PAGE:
Pulaski looking to revitalize its historic downtown


by Emily Ball, Dana Seigelstein–

The town of Pulaski is looking to bring their town a new look along with improving their population in the area.

Pulaski, Va., May 8 – Main Street: Main Street in Pulaski is where most of the renovations are coming. On this strip, there will be a cafe that will feature New Orlean style food and plans to be open in the next six to eight months. Photo: Dana Seigelstein


The town of Pulaski’s downtown has been suffering from a lack of businesses and people visiting the area. Employees of the town have been striving to gather funds and host events to try and make their community a more happening place.

Nichole Hair, Deputy Town Manager and Zoning Administrator of the town of Pulaski, said when she was hired in 2016, they got two grants for doing some downtown planning efforts right off.

“Those two grants allowed us to hold community input meetings,” said Hair. “We did about 300 hours with 40 citizens, coming up with a vision for the downtown, coming up with a mission for the downtown and looking at the plans for the future.”

After getting a master plan, the committee then was able to apply for a large grant from the state, specifically from the Virginia Department of Housing and Community Development. The DHCD also provided the funding for the first two grants they received in 2016.

Pulaski is currently revitalizing West Main Street where 15 buildings are involved, street improvements, way-finding signage, and just a general facelift to that area. In addition to the front section of Main Street, there will be renovations to the backside of the structures, along Pete Creek.  These additions will be railings and signage for information and educational purposes.

Earlier this month, the town held a free conference for the community. According to the Roanoke Times, this event allowed community members to come and learn more about the changes that are coming to the area. They were able to see how to open a business or help out, have walking tours of the areas under construction and have one on one time to ask questions.

After the two day conference, Pulaski was announced to be one of the 15 communities participating in Local Foods, Local Places. This organization helps cities and towns protect their environment and human health. According to the LFLP website, two of their 2019 partners reside in Virginia and are no longer accepting new applications until late summer.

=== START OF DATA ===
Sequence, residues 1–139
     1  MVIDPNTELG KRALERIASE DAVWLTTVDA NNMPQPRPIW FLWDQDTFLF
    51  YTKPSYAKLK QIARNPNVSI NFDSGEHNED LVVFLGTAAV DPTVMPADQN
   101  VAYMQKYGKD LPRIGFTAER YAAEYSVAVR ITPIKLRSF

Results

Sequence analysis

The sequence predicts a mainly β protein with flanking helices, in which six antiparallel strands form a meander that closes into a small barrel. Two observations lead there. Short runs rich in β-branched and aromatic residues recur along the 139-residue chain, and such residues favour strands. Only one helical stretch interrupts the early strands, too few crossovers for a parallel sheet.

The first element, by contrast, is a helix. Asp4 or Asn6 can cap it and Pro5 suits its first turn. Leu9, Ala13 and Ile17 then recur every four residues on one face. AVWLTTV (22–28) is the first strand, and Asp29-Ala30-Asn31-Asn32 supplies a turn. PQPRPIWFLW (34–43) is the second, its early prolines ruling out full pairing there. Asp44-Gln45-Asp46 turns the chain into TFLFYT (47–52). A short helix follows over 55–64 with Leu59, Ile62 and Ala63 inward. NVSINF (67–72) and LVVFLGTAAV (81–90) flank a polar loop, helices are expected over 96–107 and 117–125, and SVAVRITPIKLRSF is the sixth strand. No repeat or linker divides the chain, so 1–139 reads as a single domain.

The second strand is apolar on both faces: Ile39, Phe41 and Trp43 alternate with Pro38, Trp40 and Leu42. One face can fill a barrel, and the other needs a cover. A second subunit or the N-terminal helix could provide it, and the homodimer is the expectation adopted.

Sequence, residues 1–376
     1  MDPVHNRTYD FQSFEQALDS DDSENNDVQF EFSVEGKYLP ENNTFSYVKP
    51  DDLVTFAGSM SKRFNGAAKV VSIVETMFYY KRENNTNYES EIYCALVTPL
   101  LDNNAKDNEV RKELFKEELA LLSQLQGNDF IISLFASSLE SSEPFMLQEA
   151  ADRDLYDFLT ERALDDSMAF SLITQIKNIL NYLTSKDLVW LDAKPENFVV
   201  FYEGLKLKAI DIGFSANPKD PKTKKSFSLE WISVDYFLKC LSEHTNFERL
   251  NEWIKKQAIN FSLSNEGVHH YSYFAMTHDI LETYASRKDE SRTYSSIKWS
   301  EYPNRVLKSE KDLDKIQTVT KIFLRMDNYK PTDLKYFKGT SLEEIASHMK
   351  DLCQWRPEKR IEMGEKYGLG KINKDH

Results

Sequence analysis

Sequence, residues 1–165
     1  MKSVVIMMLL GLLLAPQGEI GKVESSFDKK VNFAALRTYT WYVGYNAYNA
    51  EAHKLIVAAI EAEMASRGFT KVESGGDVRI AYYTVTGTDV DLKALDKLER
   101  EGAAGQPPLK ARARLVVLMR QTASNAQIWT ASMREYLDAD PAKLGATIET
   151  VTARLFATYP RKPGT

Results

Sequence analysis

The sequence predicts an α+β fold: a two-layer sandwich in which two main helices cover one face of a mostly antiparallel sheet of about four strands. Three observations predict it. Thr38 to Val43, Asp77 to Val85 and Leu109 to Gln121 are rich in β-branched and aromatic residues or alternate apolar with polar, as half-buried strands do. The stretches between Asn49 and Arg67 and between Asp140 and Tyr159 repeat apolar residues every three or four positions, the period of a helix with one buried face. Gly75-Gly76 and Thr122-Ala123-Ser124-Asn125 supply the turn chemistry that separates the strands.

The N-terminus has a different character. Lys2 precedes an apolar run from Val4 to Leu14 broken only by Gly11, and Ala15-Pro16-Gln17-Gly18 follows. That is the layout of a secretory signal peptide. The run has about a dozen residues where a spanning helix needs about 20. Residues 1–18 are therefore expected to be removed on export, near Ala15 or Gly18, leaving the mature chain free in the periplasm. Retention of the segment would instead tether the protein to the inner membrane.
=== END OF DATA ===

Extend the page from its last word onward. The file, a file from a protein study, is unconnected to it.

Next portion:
As the town is taking actions to change, Mayor Dave Clark says that he sees the future of Pulaski being a place that people want to be and call their home. He says that the process of incoming businesses is interesting since they are not apart of a large change. While there is no compiled list of incoming business entering Pulaski, there is a large number of people who have expressed their interest.

“I ask for people to come and visit us,” said Mayor Clark. “We are a jewel in the New River Valley. Anywhere in the New River Valley is a great place to live, but Pulaski is home.” As Pulaski continues to evolve, Mayor Clark says that he is very proud of his town, past, present and excited to see what the future will bring.







Community comes together to help local business

by Emily Ball–

Roanoke, Va., April 26 – Closed: Community Inn Restaurant days after it went up in flames on Easter morning. Employees of the restaurant have been coming by during their work shifts to help start cleaning up the inside while they wait for the building status. Photo: Emily Ball


Early Easter morning tragedy struck the Community Inn Restaurant when a fire started inside the building, destroying a major part of the back section. Employees at the restaurant have heard the fire began from a cigarette in a trash can. However, officials have not publicly released the reason.  According to a statement by WSLS, Community Inn was a restaurant that in fact allowed smoking inside the building.

While the fire has left the business closed just for a week, it still does not seem real for Mont Morrow, Co-owner of the Community Inn. “I still think some of it still hasn’t sunk all the way in,” said Morrow. “It affects a lot of people, but the community has come together.”